Osteria dello Sgrano, the sister restaurant of Sgrano, is an excellent celiac-friendly restaurant for those looking to get their fill of homemade gluten-free pasta. Visitors can opt to enjoy an aperitif on the veranda or cozy up at a table inside. The restaurant serves up 100% gluten-free dishes along with vegan and lactose-free options. Trust us, once you sample one of Osteria’s pasta dishes, you’ll be making reservations to come back again and again!
Risotteria Melotti ★
Located a few short steps from the Museo Leonardo Da Vinci, this gluten-free restaurant is not to be missed. Risotteria Melotti offers a great selection of authentic Tuscan dishes, such as arancini, tiramisu with melotti rice plum cake, and 15 different kinds of risotto! If that’s not enough to convince you of a visit, they also have a lovely veranda with views of the Domul Santa Maria del Fiore.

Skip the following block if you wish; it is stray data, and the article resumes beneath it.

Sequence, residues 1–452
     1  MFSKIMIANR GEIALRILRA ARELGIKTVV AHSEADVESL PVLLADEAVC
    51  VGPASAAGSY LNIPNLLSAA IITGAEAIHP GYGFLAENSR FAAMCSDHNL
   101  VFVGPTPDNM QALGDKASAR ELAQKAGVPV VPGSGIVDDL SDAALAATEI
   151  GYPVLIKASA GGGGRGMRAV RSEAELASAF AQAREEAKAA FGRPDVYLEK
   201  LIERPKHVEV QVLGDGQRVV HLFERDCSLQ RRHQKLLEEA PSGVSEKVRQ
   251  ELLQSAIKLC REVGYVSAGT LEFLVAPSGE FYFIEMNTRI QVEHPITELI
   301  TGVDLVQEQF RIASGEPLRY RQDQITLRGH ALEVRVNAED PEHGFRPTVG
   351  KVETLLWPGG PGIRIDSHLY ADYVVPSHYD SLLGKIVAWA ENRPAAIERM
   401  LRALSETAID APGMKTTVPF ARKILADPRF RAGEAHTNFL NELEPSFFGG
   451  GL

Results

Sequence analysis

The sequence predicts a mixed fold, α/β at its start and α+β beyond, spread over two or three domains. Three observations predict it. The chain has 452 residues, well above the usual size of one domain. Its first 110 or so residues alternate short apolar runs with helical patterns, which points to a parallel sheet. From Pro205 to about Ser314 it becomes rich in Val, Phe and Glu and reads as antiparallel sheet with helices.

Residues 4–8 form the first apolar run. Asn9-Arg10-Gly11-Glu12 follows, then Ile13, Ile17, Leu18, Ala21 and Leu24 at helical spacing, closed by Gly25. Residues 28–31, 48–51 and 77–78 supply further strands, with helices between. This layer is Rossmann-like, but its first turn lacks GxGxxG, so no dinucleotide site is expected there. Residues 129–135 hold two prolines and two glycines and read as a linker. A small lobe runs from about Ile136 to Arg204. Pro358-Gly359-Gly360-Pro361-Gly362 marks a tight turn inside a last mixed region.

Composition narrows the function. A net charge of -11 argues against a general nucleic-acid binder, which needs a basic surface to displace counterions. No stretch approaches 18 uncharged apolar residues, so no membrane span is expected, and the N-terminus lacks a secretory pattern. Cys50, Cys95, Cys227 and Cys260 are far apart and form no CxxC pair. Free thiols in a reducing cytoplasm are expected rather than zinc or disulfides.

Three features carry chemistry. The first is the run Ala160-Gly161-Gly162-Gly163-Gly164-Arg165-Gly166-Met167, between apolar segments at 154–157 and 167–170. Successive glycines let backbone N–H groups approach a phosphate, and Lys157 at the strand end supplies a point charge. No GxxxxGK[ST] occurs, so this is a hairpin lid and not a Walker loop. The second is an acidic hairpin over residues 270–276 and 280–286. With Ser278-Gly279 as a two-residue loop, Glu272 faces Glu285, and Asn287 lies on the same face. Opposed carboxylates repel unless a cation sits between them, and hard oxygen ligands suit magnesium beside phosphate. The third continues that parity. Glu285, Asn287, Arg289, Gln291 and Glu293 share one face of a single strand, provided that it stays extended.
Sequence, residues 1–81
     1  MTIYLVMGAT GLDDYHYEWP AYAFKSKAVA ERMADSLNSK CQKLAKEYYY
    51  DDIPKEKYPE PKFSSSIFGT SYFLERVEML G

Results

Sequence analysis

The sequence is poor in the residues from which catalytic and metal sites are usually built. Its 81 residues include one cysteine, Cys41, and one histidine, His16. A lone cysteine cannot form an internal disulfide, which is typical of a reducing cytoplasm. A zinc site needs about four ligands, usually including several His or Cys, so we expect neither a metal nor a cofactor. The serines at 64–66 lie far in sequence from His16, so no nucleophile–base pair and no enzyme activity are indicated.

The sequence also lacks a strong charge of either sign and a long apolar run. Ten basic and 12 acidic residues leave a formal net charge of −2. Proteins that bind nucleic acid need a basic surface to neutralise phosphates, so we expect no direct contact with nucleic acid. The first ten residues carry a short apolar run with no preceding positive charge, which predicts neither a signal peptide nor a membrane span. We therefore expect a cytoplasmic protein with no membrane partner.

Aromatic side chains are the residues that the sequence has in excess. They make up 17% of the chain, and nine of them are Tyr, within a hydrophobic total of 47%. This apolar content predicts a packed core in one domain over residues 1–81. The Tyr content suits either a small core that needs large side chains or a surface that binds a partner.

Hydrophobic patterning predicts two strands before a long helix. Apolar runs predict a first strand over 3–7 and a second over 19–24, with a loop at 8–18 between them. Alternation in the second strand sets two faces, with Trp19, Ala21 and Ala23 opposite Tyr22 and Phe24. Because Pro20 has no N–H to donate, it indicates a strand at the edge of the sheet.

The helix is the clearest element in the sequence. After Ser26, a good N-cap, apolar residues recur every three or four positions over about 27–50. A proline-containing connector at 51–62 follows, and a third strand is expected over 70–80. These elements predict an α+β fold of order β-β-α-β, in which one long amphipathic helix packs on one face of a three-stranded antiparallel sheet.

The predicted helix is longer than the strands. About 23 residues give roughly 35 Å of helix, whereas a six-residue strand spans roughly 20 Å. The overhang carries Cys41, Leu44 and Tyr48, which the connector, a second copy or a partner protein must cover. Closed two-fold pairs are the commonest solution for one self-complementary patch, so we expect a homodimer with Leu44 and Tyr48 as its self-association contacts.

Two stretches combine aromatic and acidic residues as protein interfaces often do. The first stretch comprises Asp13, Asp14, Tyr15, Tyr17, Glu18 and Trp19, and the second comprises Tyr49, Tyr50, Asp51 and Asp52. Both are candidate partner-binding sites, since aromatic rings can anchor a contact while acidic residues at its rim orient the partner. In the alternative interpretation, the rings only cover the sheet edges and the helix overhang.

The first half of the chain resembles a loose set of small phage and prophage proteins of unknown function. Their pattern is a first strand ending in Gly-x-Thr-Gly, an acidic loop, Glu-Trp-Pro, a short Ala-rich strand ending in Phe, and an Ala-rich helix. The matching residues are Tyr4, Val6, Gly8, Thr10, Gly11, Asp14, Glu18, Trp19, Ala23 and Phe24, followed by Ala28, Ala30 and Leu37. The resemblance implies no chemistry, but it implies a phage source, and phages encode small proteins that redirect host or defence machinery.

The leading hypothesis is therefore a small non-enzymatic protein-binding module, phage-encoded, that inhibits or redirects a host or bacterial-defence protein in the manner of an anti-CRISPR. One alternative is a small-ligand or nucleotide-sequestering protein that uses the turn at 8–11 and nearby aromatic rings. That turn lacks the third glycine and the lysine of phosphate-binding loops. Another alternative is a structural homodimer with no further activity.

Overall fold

Ristorante Quinoa ★
Ristorante Quinoa, located just down the street from the Santa Maria Novella, is another excellent restaurant to visit while wandering the heart of Florence. Visitors can opt to sit outside in the courtyard or at a table inside. While the entire menu is gluten-free (with some vegan and lactose-free options), some of the more popular dishes to try here include ravioli, gnocchi, the vegan burger, and Pad Thai. This restaurant recently blew up on TikTok, so be sure to call in advance to ensure you get a table!
Bottega Artigiana del Gusto ★